Careful Collector No. 9: Will my African Art be repatriated as reparations for the Colonialist past?

Hand-carved art on exposition on a street market in Angola, Photo by Paulo César Santos, July 2009, CC0 1.0 Universal Public Domain Dedication.


Peace Corps ID card, Nigeria 1965, photo Rcollman, public domain.

Doug joined the Peace Corps in his twenties straight out of the University of Chicago.  He was posted to Nigeria from 1992-1995 when the Peace Corps mission there ended.  Doug came from a wealthy family and had a minor in Art History.  As a result, he had both the interest and financial means to purchase some art while he was posted in what was formerly the Kingdom of Benin.  After leaving the Peace Corps, Doug attended and graduated from Yale law school, and then secured a position with a prestigious Washington, DC firm.

A few years later, he married another lawyer who worked with the federal government whom he had first met during his time with the Peace Corps.  They had twins, a girl and a boy, who are now enrolled in a well-known “feeder school” for the Ivy League.

Ere ibeji, memorial figure for a twin, Nigeria, 19-20th C, Brücke Museum, Photo Nick Ash, 8 June 2021.

While Doug’s collecting has slowed due to the expenses associated with his kids’ pricey private school, he has still added some additional pieces to his collection purchased from long established ethnographic art dealers.  He particularly likes metal work from the former Kingdom of Benin in today’s Nigeria, the same area where he was stationed while in the Peace Corps.

As a lawyer with an interest in African art, Doug has followed what began as an academic debate, but which has become a rush to repatriate artifacts voluntarily from Western museums, especially so-called “Benin bronzes” that were looted during a punitive raid by British troops in 1897.  Little did he realize, however, that this debate would come home as the result of an assignment the twins received from their history teacher.   The twins’ history teacher tasked their class to write an essay about repatriating art to Africa.   From discussing the assignment, Doug surmised that the teacher had conveyed little more than the narrative that all African is “stolen” and must be returned.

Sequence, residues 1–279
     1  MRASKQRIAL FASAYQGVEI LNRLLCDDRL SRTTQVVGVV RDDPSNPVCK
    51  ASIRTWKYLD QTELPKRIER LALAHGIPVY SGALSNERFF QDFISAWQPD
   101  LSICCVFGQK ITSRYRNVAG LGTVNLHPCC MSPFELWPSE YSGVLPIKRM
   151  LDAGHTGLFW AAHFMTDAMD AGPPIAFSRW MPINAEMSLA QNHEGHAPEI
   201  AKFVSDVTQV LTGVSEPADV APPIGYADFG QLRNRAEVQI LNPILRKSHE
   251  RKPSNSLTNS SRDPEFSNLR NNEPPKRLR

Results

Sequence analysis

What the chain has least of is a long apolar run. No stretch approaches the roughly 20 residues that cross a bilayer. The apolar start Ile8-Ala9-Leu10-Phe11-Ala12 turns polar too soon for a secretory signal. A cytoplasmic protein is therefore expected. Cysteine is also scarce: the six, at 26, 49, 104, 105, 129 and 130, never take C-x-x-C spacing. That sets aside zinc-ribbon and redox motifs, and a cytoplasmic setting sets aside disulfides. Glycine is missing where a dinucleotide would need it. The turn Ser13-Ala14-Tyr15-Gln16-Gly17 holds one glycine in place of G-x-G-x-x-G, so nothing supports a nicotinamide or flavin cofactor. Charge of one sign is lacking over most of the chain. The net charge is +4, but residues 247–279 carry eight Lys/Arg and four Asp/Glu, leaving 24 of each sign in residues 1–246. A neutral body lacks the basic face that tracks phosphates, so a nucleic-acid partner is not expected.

After wondering for a moment whether all that tuition money was really well spent, Doug discussed the matter with his sympathetic wife, and they both agreed he should use the assignment as his own “teaching moment” for the kids.  Doug’s hope was that the twins would at least learn that historical rights and wrongs are often not as clear as usually portrayed.

Doug took the twins back to his study where his African art was displayed to discuss the issue.  The twins had grown up with the collection, but had taken only minimal interest over the years, other than commenting that some of the pieces “looked creepy” and might make good decorations for Halloween.   Now, Doug wondered if this “teaching moment” would make his collection more meaningful to them or if the talk would just help solidify their teacher’s view that all African art should be treated as “stolen.”

Fred van der Kraaij, A table on the market showing African pseudo old artifacts. Statues (Bambara, Dogon, Senoufo, and Lobi), straw Mossi baskets, small brass statues and figurines, bone carvings, and brass bracelets. Niamey, Niger, 1972, CCA-SA 4.0.

Doug began by discussing his own service in the Peace Corps and how he purchased his first pieces from local artisans who were happy to sell them so they could provide for their families.  He then discussed his other purchases from established ethnographic dealers.  He told the kids one could not assume all African art is stolen.  Instead, many of the artifacts of an animistic religious nature on the market today were sold by Africans themselves after they adopted Christianity or Islam.  Much more was simply destroyed as idolatrous.  Doug added that nothing in his collection is known to have been looted during the 1897 punitive raid, and that African art owners and their property should be treated as “innocent until proven guilty,” which is a bedrock principle of our American legal system.